Published November 15, 2011
College students can’t take too many more financial hits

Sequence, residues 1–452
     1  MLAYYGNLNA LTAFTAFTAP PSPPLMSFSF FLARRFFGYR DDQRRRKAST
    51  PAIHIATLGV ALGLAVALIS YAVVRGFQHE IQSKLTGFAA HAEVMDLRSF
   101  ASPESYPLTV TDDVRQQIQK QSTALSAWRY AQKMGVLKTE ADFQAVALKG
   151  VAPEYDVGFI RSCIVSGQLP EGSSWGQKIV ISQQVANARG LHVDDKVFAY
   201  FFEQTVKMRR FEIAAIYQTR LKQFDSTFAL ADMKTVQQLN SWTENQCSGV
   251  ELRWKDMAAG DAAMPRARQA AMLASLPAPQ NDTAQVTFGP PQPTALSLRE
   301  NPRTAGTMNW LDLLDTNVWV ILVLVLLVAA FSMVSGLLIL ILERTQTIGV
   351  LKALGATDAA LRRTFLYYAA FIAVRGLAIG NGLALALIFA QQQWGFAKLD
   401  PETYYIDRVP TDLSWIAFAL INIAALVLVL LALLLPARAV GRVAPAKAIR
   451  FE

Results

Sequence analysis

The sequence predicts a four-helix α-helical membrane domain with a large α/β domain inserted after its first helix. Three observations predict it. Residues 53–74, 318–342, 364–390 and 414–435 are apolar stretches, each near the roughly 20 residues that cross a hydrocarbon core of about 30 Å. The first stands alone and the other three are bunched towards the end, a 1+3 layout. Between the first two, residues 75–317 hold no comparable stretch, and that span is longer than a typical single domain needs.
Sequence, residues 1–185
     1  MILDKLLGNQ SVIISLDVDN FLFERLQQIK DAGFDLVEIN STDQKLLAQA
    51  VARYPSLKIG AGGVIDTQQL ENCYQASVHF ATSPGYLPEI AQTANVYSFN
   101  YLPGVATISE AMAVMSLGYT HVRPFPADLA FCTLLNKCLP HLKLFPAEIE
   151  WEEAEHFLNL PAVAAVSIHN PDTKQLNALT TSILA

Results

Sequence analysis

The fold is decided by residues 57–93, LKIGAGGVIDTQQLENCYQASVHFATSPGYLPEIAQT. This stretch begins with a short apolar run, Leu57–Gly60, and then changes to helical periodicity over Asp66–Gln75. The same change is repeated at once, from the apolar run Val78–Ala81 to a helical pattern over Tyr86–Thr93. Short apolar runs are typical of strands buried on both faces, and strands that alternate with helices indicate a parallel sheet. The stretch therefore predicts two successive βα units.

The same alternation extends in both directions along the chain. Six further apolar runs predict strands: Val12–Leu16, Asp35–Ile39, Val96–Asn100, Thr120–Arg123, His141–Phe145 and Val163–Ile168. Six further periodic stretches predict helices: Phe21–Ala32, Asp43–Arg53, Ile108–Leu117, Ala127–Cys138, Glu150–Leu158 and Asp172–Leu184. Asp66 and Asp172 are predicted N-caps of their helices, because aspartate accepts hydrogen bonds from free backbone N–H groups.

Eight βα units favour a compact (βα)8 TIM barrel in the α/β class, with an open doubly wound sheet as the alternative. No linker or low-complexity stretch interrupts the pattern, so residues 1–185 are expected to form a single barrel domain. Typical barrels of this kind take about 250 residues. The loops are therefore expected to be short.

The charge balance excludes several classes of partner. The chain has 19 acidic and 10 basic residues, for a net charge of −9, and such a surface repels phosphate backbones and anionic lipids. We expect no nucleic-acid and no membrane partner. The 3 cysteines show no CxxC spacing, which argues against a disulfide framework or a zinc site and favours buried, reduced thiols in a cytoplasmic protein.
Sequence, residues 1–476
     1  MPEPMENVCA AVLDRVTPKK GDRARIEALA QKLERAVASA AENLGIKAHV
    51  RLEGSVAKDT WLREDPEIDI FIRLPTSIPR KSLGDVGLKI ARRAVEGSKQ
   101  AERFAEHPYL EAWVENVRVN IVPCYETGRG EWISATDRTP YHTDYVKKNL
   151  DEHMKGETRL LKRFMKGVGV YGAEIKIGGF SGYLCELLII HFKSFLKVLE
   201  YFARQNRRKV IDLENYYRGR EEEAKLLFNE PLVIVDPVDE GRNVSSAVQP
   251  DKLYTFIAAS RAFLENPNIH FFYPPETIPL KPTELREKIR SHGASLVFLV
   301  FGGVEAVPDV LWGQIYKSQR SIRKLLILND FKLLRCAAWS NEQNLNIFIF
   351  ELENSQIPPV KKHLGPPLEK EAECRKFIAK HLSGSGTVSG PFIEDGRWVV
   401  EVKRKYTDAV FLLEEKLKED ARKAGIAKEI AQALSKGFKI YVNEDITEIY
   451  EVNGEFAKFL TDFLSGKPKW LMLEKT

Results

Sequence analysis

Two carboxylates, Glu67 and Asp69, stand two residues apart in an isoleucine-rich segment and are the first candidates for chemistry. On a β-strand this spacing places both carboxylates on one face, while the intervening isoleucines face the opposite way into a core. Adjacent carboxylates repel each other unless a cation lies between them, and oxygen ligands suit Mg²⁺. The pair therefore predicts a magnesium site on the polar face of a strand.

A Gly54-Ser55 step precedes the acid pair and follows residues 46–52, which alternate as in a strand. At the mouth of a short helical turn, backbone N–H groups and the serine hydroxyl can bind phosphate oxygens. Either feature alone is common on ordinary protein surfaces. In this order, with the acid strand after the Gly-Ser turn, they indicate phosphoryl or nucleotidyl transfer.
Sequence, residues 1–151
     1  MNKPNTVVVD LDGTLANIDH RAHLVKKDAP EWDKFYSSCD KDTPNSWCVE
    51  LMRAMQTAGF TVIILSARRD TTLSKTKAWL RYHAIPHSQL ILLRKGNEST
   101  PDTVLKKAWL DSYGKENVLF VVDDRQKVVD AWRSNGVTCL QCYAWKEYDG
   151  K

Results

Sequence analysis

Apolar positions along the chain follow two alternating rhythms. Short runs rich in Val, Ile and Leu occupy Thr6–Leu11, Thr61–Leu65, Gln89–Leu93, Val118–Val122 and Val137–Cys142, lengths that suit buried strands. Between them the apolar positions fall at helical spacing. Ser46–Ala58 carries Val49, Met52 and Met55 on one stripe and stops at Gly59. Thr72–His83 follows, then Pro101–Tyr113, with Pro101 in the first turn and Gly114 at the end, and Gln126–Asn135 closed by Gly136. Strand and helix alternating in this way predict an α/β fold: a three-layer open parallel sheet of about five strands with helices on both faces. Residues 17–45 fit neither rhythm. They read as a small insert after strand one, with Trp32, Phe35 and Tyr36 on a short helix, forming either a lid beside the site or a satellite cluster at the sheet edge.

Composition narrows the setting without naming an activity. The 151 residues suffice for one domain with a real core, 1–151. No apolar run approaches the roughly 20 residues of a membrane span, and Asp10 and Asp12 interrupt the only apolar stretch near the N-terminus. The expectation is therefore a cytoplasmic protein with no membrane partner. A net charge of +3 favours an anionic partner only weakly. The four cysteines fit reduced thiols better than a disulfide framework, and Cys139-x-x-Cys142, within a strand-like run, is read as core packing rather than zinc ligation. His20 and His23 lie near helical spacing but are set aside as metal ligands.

Lawmakers will return to Olympia on Nov. 28, in hopes of coming to a speedy agreement on how to fill a $2 billion funding gap in the state’s two-year operating budget. Among the cuts proposed by Gov. Chris Gregoire is another $166 million from higher education – the state’s college and university system. The budget reduction represents an additional 15 percent reduction to a category of state spending that has undergone multiple cuts during the last three years. The 2011-13 state operating budget adopted by lawmakers in a May special session included reductions of $617 million from higher education. To offset that huge financial hit, lawmakers authorized college and university trustees to impose double-digit tuition increases – up to 16 percent at major universities. That’s on top of tuition increases of up to 14 percent the two previous years. With the governor suggesting additional spending reductions in her all-cuts budget plan, we have to ask whether the state is living up to its obligation to fund higher education and whether middle class students are being priced out of a college education in this state. We were struck by two recent reports. The first was a USA Today story noting that members of the college class of 2010 who took out student loans owed – on average $25,250 – upon graduation, a 5 percent increase from the previous year. The report said roughly two-thirds of the class of 2010 borrowed for college. But when they graduated, they faced an economy in serious economic recession and a 9.1 percent unemployment rate for new college graduates. The only glimmer of hope for the college graduates was the fact that colleagues who had a high school degree were facing an unemployment rate twice that high. The report came at a time when the College Board said average tuition nationally was going up 7.3 percent at public four-year colleges. The report drove home the point that Washington state is not alone in the challenge of college affordability at a time when states have significantly cut support for higher education. A second report from the Federal Reserve said the total amount owed in student loan debt in this country is $1 trillion. That means the volume of outstanding student loans now exceeds credit card debt. How’s that for a frightening thought? Moody’s Analytics puts the national student loan debt at around $750 billion and notes that while consumers are paying down their credit card debt, student loan debts continue to escalate. And with that mounting student loan debt comes a parallel increase in the number of students defaulting on their loans. Officials say that like the housing crisis, many student loans were approved with little to no research into whether the borrowers would be able to repay their loans. Not surprisingly, defaults on student loans in recent years has increased from 7 percent to 8.8 percent. President Barack Obama acknowledged the problem last month in a speech to students at the University of Colorado in Denver. The president said, “We were paying more on our student loans than we were paying on our mortgage each month. How do we make college more affordable, and how do we reduce your burden?” Through executive order, Obama’s answer was to allow students to pay 10 percent of their discretionary income for 20 years and have the rest of their federal student loan debt forgiven. Secondly, the president’s plan allows an estimated 5.8 million people to consolidate their debts into a single loan with a reduction in their interest rate. Obama’s “pay as you earn” option could benefit up to 1.6 million low-income borrowers and reduce their payments by as much as a couple of hundred dollars a month, White House officials say. Those are positive steps. And we drew some hope when House Ways and Means Committee chairman Ross Hunter, D-Medina, looking at the daunting task of rebalancing the state budget, said his priorities for the special session will be paying for K-12 education, maintaining a safety net for the vulnerable and poor while avoiding harm to the economy that gutting higher education would cause. Let’s hope his legislative colleagues agree. Higher education – and students – can’t afford many more financial hits.